Plasma GitLab Archive
Projects Blog Knowledge

Class type Netchannels.rec_out_channel

class type rec_out_channel = object .. end

Recommended output class type for library interoperability.


This class type is defined in "Basic I/O class types" as collaborative effort of several library creators.

method output : Stdlib.Bytes.t -> int -> int -> int

Takes octets from the string and writes them into the channel. The first int argument is the position of the substring, and the second int argument is the length of the substring where the data can be found. The method returns the number of octets actually written.

The implementation may choose to collect written octets in a buffer before they actually delivered to the underlying resource.

When the channel is non-blocking, and there are currently no bytes to write, the number 0 will be returned. This has been changed in ocamlnet-0.97! In previous releases this behaviour was undefined.

When the channel is closed, the exception Closed_channel will be raised if an ocamlnet implementation is used. For implementations of other libraries there is no standard for this case.

method flush : unit -> unit

If there is a write buffer, it will be flushed. Otherwise, nothing happens.

method close_out : unit -> unit

Flushes the buffer, if any, and closes the channel for output.

When the channel is already closed, this is a no-op.

How to close channels in case of errors

The close_out method has actually two tasks: First, it writes out all remaining data (like flush), and second, it releases OS resources (e.g. closes file descriptors). There is the question what has to happen when the write part fails - is the resource released anyway or not?

We choose here a pragmatic approach under the assumption that an OS error at close time is usually unrecoverable, and it is more important to release the OS resource. Also, we assume that the user is wise enough to call flush first if it is essential to know write errors at close time. Under these assumptions:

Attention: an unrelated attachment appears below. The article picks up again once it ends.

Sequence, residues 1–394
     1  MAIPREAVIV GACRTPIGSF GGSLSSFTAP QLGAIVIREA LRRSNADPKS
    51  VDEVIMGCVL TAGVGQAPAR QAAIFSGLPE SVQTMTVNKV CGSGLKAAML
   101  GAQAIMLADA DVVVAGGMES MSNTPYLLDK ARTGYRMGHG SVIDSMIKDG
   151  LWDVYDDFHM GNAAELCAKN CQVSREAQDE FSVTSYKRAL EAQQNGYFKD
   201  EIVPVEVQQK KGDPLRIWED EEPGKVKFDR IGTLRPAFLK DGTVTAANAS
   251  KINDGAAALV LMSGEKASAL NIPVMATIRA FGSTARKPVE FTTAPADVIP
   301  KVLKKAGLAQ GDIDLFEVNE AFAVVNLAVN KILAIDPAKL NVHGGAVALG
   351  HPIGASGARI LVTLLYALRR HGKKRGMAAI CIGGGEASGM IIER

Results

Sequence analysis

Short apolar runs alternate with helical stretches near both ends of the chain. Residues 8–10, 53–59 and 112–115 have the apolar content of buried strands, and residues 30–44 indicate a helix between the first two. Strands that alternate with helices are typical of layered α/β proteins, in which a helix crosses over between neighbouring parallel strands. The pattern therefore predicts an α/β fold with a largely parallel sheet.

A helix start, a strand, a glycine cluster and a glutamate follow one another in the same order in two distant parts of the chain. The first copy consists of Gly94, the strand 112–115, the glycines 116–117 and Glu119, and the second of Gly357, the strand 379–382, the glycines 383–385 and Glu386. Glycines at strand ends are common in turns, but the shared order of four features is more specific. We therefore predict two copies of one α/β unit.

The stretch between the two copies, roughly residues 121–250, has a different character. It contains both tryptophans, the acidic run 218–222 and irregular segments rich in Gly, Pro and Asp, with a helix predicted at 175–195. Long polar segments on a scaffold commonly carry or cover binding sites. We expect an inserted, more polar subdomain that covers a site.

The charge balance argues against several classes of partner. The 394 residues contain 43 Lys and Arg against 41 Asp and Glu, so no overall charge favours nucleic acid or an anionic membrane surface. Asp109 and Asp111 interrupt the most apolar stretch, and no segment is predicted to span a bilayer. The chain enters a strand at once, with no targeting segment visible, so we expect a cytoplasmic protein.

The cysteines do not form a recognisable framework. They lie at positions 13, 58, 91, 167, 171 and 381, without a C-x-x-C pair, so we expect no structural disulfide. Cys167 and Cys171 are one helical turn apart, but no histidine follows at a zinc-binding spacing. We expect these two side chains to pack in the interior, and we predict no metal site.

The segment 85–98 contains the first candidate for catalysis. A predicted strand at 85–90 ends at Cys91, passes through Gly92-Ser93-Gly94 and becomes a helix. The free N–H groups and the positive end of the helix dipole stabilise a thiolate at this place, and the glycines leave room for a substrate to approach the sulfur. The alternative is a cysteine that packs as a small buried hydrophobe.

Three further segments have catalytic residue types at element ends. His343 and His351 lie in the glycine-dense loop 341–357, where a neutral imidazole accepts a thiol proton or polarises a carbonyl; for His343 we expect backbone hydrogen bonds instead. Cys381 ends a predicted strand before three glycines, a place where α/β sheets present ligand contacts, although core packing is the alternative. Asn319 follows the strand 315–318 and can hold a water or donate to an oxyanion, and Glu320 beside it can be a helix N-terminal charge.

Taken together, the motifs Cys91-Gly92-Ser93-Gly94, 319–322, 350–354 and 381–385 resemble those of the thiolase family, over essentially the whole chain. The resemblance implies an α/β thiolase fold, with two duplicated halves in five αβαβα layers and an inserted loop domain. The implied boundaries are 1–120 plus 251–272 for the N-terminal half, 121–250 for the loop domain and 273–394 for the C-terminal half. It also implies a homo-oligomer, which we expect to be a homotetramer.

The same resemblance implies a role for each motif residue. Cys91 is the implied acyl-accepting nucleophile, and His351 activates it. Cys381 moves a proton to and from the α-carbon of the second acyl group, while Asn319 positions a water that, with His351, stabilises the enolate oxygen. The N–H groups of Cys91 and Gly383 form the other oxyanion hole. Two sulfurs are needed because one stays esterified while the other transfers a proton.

• The flush method fully reports any errors when writing out the remaining data.
  • When flush raises an error exception, it should discard any data in the buffer. This is not obligatory, however, but considered good practice, and is subject to discussion.
  • The close_out method usually does not report errors by raising exceptions, but only by logging them via Netlog. The OS resource is released in any case. As before, this behavior is not obligatory, but considered as good practice, and subject to discussion.

This ensures that the following code snippet reports all errors, but also releases OS resources:

         ch # flush();
         ch # close_out();
       with error -> 
          ch # close_out(); raise error

There are some cases where data can be first written when it is known that the channel is closed. These data would not be written by a preceding flush. In such cases:

  • The best way to deal with it is to define another method, e.g. called write_eof, that marks the data as logically being complete, so a following flush can do the complete shutdown cycle of the channel.
  • At least, however, one should allow then that a double close_out releases the descriptor: the first close_out will report the error condition as exception, but discard all data in the channel. The second close_out finally releases the OS resource.

In any way, hard errors indicating bugs of the program logic (like invalid file descriptors) should always be immediately reported.

This web site is published by Informatikbüro Gerd Stolpmann
Powered by Caml